I have a Pakistani passport. I want to know whether signature on passport should be same as on Identity card or it can be different?

1 Answer 1


Nobody bothers (you) about that. When you go abroad and present your passport, they don't ask you to also present your national identity card to cross match the signatures.

Many countries don't even have a separate national ID card.

Unless someday they start doubting your identity. On such a day this can become a headache. At that point, everything must line up (not necessarily match up still). As long as its a legitimate case you will be good.

Keep your ID card well protected and away from the passport when you are going abroad, You don't want to lose both things together someday. You do not have to present your national ID card to immigration officers if you are presenting a valid passport, unless specifically requested. There is no compulsion to even carry it, except for a rainy day.

  • While this may or may not be correct, is this really such good advice? This seems like exactly the kind of thing that will make officials suspicious if they do find it out, a signature is by its very definition a mark that you make similarly enough every time you make it that it's possible to use it to identify you as being who you claim to be.
    – Cronax
    Jun 27, 2018 at 8:12
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    I know a number of people who are unable to make two identical signatures. This seems pretty common to me. Issues arise when bank gets a check from you with a signature different than the specimen you provided them. Jun 27, 2018 at 8:15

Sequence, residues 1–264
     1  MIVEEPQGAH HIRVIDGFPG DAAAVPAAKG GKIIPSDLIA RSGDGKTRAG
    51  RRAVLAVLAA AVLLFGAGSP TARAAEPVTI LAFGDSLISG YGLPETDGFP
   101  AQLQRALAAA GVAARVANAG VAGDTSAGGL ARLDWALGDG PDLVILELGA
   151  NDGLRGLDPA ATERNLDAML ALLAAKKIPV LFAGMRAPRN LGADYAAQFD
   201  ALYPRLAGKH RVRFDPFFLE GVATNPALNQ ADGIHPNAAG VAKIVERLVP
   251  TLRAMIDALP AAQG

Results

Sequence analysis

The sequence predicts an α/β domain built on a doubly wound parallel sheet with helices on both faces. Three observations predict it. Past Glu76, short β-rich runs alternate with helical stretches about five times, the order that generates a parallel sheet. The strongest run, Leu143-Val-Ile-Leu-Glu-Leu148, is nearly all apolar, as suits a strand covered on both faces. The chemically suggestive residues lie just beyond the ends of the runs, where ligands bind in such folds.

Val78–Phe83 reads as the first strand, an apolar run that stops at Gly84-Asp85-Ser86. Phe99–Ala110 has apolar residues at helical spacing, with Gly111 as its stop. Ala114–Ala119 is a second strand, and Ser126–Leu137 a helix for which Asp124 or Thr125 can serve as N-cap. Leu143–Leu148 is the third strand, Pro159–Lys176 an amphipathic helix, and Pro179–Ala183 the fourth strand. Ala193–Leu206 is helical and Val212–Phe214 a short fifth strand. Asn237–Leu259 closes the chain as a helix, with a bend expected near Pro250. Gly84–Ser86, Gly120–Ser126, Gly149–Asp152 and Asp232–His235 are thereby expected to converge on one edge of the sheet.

• @Cronax, while its good that they both match up but in most cases they do not ask for a national identity card and do not try to match up your signatures. If you have the wrong signatures on your passport they don't have a way to verify that against your national ID card. You don't even have to carry your national ID card when you are carrying a valid passport. Jun 27, 2018 at 8:16
  • There are several countries where a national ID card is a light version of a passport, which leads to the situation that people have either none or one of the two (e.g. the Netherlands).
    – Bas Jansen
    Jun 27, 2018 at 9:54
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    I live in a country with a byzantine banking system that still heavily relies on signatures. I'm unable to have a stable signature and I always, always have to try a few times before the teller accepts it. Why, oh why, a signature is considered valid authentication in the third millennium?
    – magma
    Jun 27, 2018 at 13:54

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